Grant gives new life to Dangberg Ranch |

Grant gives new life to Dangberg Ranch

Construction afoot at Dangberg Ranch and Home Historic Park
Kelsey Penrose

The Dangberg Home Ranch Historic Park received a grant from the E.L. Cord Foundation. This is the fourth grant that the foundation has awarded the non-profit Friends of Dangberg Home Ranch.

Previous grants helped fund electrical installation, as well as tent and stage purchases for the Dangberg Summer Festival.

The foundation, working out of Reno, has been providing education, social service, and youth and cultural organization support since 1962.

In combination with donations from individual and community organizations, the $10,000 grant will help in resorting key structures at the park.

The main focus right now is in repairing the mortar of the living room’s brick walls, and the brick columns that comprised the grand entrance to the Home Ranch.

“Repairing mortar isn’t as simple as it seems,” said Events Manager Kim Harris. “First we have to know what the composition of the original bricks are, and then find a matching mortar of the same composition.”

Mortar isn’t the only improvement happening at the historic park right now. The large cottonwood trees, which provided shade for years, were taken out due to a safety issue.

“They were unfortunately completely dead inside,” said Harris. “They could have fallen onto the house and caused severe damage.”

Full Circle Compost donated turf builder to help rebuild the lawns of the park, and a new sprinkler system, new trees and walkways are going in as well.

The construction is on schedule to be completed before the first event of the season, Scatter’s Attic–a rummage sale named after the youngest Dangberg daughter–on May 12 and 13.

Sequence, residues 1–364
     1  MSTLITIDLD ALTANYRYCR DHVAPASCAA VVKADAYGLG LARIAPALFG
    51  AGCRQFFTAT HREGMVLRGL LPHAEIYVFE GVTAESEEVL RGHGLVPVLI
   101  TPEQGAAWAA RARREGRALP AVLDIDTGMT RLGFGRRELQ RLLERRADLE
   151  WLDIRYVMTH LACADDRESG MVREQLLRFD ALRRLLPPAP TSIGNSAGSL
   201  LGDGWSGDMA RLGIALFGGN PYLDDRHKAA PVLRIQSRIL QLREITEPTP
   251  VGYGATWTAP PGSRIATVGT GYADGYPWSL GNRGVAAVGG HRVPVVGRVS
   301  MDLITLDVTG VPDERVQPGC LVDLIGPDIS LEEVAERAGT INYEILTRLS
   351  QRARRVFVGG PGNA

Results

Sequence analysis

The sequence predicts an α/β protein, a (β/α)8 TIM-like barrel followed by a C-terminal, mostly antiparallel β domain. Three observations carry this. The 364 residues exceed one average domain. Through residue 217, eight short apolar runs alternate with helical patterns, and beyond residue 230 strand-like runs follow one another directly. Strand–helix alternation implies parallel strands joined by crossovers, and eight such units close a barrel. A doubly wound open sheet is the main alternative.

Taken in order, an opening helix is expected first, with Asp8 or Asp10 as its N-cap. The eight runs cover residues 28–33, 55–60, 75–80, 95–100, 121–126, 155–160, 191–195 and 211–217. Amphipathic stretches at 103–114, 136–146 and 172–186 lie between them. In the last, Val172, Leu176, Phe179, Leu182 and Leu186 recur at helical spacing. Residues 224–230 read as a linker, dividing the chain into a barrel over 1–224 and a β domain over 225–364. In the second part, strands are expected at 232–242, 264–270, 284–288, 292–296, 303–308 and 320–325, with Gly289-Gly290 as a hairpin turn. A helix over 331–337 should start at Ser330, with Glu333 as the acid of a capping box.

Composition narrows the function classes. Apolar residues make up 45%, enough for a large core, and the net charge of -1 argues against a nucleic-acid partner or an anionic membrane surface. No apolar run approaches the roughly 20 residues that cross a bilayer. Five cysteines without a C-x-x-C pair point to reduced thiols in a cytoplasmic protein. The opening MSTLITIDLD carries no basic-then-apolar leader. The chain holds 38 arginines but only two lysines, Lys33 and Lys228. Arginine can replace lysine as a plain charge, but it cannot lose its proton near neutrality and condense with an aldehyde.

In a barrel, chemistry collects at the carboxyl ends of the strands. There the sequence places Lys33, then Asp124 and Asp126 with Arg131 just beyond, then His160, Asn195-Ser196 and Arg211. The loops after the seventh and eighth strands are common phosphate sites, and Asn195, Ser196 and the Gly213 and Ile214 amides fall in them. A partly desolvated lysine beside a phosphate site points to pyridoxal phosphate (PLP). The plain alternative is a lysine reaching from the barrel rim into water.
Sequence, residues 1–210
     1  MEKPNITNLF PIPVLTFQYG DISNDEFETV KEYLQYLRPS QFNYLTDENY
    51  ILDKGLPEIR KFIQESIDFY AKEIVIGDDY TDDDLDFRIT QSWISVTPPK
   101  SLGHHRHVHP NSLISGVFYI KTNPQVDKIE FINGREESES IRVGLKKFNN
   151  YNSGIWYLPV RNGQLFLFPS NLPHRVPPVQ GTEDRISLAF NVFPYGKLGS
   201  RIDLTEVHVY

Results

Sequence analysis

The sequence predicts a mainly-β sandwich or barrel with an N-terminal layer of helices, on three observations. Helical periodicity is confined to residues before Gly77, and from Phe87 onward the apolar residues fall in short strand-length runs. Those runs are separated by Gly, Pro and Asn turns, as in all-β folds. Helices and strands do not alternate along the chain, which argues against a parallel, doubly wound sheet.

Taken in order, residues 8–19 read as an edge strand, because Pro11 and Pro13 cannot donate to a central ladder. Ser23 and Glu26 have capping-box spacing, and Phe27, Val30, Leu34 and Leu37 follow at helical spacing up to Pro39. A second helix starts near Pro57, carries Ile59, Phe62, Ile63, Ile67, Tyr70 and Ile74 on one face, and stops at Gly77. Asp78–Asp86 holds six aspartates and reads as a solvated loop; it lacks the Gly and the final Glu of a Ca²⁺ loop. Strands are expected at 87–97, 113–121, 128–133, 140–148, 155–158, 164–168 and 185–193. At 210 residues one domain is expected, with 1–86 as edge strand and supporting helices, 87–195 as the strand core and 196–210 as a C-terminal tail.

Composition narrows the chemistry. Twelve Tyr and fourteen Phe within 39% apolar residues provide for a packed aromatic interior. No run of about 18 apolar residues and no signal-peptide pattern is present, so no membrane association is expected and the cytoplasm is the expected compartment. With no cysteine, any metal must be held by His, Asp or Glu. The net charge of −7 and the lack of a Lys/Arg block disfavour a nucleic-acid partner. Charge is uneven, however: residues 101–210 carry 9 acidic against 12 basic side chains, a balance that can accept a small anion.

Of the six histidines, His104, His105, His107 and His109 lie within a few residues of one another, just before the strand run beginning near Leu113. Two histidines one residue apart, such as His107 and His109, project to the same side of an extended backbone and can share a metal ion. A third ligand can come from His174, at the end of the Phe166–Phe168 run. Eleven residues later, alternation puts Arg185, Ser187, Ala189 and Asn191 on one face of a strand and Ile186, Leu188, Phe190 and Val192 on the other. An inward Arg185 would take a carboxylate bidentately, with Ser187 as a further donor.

The grant is a huge help to the restoration and preservation work of the park.

“We’re glad to have the support of the Cord Foundation,” said Mark Jensen, director of the Friends of Dangberg. “We’ve worked hard, since 2011, to raise the money to begin preservation work, so receiving this grant is very exciting. We can make some good progress now.”

Though there is quite a bit of construction going on around the property, visitors are still welcome and tours are still going on as scheduled. Visitors are simply asked to stay away from construction zones for their own safety.

The overall cost for the priority restorations is approximately $200,000, and donations are very welcome.

Supporters can choose which funds to donate to, including the Endowment Fund–focusing on the park’s financial future–the Restoration Fund, the Landscaping Fund, and the recent addition of a fund to improve signage in the park for self-guided tours.

The Dangberg Home Ranch Historic Park is located at 1450 Highway 88. The site preserves the home of Heinrich F. Dangberg and his descendants, the ranching family that founded Minden. The site includes eight historic structures built between 1857 and 1917, along with a collection of 39,000 artifacts, documents and photographs.